A decentralized iTunes
On a Mac, iTunes is the end-all, be-all for managing media: music, TV shows, movies, device syncing and a media store are all wrapped into one application. The opposite is true of iOS, which separates the functions of iTunes into mutiple apps: Music, Video and iTunes. Apple’s current strategy of migrating features of iOS to OS X gives them the opportunity to trim the fat and “decentralize” iTunes, breaking it into multiple apps in the same manner as iOS.
A decentralized iTunes would be make Macs more familiar to iOS users, playing to Apple’s strength of tight integration between products. It’s the same thing they’re doing with Mountain Lion by bringing the Reminders and Notes apps over.
Apple already has the pieces in place to do this. With iOS 5, the Music app on the iPad was redesigned with a skeuomorphic look, unlike its predecessor which closely resembled iTunes. To me, this seems like possible preparation for a future OS X port. I’ve made a simple mockup of how this might look, to illustrate:
Universal apps and automatic app downloads
There are apps that are made for the iPhone and iPad, as well as the Mac, like Apple’s iWork and iLife suites. Currently, you can buy an app on the iPhone and it works on the iPad as well, but the same doesn’t apply to the Mac, so you end up paying for the desktop version too. Allowing universal apps would solve this. Mac apps couldn’t truly be universal, as iOS apps are compiled to run on ARM’s architecture and not Intel’s(s INTC). That doesn’t mean Apple can’t create the illusion of universality, though. Developers could mark their Mac apps as universal with their iOS counterparts and have the Mac App Store download them for free if the user already has the iOS version.
Which brings me to automatic downloads, another feature that I’d love to see on the Mac. Download an iOS app, and its Mac counterpart automatically downloads as well. Of course, this feature would only be available for Mac App Store apps, leaving developers that haven’t adopted it out in the cold, even if they also develop iOS apps. It would make a stronger case for adopting it, however, though it would mean forking over a 30 percent cut of sales to Apple.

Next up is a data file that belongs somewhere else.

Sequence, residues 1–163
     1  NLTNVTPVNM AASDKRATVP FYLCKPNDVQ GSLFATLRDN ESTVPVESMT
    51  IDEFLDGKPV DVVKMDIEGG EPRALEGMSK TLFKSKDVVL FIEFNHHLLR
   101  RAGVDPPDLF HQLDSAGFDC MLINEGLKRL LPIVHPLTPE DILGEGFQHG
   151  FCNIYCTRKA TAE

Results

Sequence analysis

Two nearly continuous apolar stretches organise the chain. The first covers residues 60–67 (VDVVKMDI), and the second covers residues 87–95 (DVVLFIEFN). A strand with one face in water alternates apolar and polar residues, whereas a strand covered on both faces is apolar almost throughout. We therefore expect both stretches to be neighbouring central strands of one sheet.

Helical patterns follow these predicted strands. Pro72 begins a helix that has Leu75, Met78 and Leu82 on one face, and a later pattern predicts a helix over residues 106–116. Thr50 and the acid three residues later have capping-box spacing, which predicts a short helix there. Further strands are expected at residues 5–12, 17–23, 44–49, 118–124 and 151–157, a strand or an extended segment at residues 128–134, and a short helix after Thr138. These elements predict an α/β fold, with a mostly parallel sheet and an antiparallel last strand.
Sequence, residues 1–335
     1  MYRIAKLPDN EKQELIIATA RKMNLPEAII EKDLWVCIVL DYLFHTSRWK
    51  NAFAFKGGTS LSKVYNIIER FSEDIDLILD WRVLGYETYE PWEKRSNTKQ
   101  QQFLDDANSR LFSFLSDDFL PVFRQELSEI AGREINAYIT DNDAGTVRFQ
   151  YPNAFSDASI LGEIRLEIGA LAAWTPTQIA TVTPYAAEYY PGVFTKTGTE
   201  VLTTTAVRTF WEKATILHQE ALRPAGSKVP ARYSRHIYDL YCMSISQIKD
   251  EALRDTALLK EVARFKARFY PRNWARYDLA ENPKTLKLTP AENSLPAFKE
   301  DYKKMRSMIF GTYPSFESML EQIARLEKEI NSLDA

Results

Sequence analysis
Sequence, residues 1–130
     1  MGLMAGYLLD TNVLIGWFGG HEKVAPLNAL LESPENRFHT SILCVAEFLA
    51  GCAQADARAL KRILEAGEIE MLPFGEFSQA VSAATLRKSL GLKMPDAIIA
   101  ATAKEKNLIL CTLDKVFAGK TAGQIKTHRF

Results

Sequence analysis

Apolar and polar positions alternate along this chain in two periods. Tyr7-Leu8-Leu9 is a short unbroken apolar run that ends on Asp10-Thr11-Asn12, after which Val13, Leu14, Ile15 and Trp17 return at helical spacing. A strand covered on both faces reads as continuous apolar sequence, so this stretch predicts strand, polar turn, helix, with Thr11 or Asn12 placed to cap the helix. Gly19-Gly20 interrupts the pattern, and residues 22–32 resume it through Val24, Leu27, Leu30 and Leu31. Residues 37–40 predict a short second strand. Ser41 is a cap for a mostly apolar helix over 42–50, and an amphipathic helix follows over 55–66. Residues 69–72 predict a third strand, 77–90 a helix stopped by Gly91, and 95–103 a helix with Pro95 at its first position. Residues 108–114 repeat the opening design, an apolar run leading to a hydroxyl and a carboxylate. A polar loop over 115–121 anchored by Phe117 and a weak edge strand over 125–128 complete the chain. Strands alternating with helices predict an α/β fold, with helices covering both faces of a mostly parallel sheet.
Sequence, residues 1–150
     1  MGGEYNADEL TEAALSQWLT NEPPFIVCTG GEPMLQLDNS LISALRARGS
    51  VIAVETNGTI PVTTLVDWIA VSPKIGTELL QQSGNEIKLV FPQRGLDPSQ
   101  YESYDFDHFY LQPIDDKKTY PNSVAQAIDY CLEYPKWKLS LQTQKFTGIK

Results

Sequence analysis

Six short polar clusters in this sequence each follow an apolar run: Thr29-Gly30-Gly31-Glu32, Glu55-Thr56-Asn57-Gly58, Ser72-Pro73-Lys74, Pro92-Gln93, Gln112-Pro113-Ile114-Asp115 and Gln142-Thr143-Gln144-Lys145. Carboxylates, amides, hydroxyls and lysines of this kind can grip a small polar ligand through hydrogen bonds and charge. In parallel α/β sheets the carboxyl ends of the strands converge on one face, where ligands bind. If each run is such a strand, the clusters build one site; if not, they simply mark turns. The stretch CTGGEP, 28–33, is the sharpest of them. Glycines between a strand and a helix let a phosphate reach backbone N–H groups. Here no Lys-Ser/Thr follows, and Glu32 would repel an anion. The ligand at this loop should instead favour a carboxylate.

We can already back up our iOS devices to iCloud, so why not our Macs? Of course, you’re thinking that most Mac hard drives are far too big for Apple’s servers to handle. iOS backups don’t back up the entire OS, however. Instead, they back up important settings, such as app data and the layout of the home screen. The backup for my 16 GB iPhone only takes up 1.3 GB of space on iCloud, and my 16 GB iPad’s backup takes even less at 280 MB. Granted, a Mac’s hard drive can be quite a bit bigger, but I can’t imagine its backup would be so much more than an iOS device that iCloud couldn’t handle it in the future.
Saving web apps
In mobile Safari, you can choose to save a web page to the home screen, where it’ll run in its own web view and act as its own app. This feature was actually in the first developer preview of Safari 4 for OS X, released back in 2008. There was an extra command in the File menu that allowed you to save a web page as an app in the Dock. Apple removed the functionality from the final version, for unexplained reasons.
It’s possible that Apple removed the feature because it wasn’t the right time. Maybe they’re waiting for a bigger parity in features between OS X and iOS. Either way, I hope they bring it back.
What do you think? What other features do you want Apple to bring to the Mac?